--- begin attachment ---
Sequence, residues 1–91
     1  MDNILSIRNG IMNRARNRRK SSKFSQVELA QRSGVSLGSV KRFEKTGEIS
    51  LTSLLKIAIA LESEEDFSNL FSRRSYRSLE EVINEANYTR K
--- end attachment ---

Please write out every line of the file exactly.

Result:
Sequence, residues 1–91
     1  MDNILSIRNG IMNRARNRRK SSKFSQVELA QRSGVSLGSV KRFEKTGEIS
    51  LTSLLKIAIA LESEEDFSNL FSRRSYRSLE EVINEANYTR K